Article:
House of Good and Evil

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House of Good and Evil
Directed by David Mun
Produced by
Written by Blu de Golyer
Starring
  • Rachel Marie Lewis
  • Christian Oliver
  • Bo Keister
  • Rob Neukirch
  • Jordan Rhodes
  • Marietta Marich
Music by Austin Creek
Cinematography Jared Noe
Edited by
  • David Mun
  • Dan Graham
Production
company
  • Shooting Creek Films
  • Horror Show
Release date
  • April 27, 2013 (2013-04-27) (AIFF)[1]
Running time
108 minutes
Country United States
Language English
Budget $150,000[2]

House of Good and Evil is a 2013 American psychological thriller film directed by David Mun and written by Blu de Golyer. It stars Rachel Marie Lewis and Christian Oliver as a married couple who, after a miscarriage caused by the husband physically assaulting his wife during her pregnancy, decide to start over again by moving to a large, rural house without electricity or phone service. It was shot in Floyd County, Virginia, and initially screened there in June 2013.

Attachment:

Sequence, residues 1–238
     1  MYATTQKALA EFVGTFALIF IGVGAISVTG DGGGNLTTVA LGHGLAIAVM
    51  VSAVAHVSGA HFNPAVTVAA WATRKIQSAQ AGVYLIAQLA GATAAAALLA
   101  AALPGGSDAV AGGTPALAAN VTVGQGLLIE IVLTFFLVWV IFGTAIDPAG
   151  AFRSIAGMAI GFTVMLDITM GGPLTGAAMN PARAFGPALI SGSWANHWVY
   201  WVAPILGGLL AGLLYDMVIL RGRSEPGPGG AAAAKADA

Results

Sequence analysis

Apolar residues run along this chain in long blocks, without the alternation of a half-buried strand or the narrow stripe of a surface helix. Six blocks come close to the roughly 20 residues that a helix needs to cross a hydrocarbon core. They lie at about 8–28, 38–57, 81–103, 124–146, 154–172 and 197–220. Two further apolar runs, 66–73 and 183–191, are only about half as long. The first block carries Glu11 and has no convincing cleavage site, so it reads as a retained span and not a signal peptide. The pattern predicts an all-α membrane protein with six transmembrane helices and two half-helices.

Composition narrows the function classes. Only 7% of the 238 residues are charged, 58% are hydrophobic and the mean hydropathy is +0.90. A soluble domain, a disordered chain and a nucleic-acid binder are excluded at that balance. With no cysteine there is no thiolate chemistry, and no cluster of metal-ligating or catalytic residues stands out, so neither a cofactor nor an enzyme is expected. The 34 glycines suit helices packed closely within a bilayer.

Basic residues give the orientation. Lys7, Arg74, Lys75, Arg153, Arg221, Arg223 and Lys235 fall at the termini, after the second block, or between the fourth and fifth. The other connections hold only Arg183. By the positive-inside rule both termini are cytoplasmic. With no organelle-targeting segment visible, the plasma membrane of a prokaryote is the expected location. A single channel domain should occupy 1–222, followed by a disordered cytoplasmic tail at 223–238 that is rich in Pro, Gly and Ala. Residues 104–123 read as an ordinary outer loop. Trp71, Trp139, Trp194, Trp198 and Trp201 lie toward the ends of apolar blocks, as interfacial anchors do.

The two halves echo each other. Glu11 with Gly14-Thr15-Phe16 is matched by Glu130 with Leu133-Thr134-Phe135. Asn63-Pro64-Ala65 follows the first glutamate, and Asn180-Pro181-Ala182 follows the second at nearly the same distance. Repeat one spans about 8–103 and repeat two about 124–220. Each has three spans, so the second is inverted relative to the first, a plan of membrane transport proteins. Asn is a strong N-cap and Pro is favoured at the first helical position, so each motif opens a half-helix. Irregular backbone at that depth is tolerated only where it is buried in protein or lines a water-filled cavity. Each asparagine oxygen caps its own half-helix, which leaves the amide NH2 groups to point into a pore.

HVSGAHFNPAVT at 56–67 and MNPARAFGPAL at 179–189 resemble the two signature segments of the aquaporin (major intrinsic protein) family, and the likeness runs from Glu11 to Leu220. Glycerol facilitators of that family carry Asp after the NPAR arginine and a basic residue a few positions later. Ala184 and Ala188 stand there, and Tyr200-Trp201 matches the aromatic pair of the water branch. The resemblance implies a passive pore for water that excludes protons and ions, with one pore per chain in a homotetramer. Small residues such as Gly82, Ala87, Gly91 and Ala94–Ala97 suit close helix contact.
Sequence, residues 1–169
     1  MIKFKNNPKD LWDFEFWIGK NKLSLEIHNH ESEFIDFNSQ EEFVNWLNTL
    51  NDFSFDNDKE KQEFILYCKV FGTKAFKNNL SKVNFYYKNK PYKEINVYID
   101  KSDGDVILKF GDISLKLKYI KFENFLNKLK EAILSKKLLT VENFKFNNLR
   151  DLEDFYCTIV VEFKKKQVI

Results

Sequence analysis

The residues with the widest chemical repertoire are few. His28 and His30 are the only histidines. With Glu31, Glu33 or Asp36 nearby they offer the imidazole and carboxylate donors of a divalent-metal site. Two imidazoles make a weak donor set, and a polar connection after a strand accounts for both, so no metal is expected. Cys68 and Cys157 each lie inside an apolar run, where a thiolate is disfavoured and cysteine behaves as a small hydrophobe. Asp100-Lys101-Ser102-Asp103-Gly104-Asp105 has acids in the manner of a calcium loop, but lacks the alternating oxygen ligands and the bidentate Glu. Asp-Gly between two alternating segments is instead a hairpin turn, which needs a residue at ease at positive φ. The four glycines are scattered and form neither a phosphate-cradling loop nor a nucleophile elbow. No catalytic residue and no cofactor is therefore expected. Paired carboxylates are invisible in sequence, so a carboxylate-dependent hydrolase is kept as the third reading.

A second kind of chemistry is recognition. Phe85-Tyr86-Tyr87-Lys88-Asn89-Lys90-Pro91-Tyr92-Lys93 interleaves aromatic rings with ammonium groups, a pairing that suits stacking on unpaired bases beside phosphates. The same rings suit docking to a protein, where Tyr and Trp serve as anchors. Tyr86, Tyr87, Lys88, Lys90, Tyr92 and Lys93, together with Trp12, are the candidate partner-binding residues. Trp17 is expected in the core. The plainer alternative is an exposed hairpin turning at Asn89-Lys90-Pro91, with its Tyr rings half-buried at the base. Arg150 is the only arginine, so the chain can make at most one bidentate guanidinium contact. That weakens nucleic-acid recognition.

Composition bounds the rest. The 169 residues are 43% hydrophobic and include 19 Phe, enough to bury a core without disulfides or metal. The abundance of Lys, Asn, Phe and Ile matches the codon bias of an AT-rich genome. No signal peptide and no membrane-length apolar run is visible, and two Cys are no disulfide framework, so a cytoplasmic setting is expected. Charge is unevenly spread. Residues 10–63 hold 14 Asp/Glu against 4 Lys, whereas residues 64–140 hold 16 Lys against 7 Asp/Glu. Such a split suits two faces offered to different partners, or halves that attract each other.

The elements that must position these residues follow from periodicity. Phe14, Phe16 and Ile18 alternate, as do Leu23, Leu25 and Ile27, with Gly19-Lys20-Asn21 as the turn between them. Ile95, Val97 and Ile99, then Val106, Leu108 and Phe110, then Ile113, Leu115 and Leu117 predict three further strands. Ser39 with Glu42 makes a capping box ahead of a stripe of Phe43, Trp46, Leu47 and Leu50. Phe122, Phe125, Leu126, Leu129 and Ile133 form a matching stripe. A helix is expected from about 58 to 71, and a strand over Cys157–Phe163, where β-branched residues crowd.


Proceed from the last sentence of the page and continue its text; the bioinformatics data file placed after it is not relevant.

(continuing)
Plot[edit]

Maggie Conley has a miscarriage after an argument with her husband, Chris, turns physical. To save their marriage, they move to a large house in rural Virginia. They are met by a real estate agent, Rob Bradley, who explains that the house has been converted into a duplex. A quiet, elderly couple, the Andersons, rent the other half of the house. As constant storms have made public utilities prohibitively expensive, Bradley suggests that they use cell phones and a generator.

After showing them the house, Bradley comes upon a locked door and offers to return in a week with the key. Later, Chris refuses Maggie's offer to start the generator and insists on doing it himself. That night, Chris celebrates with mixed alcoholic drinks. Annoyed that he has resumed drinking, Maggie declines to join him in bed.

Maggie has a nightmare about the locked room involving vines connecting to her umbilical cord. After Chris drives into town for supplies, she forces her way into the room. She hears a loud ringing from an rotary-style telephone and she is frustrated when Chris reacts skeptically to her account. While they take a walk, he points out that the telephone lines are still down, and Maggie angrily accuses him of not supporting her. Tensions are further raised when Chris announces that he must leave the house for several days. Chris, a firefighter, explains that late fires have started in the nearby forest.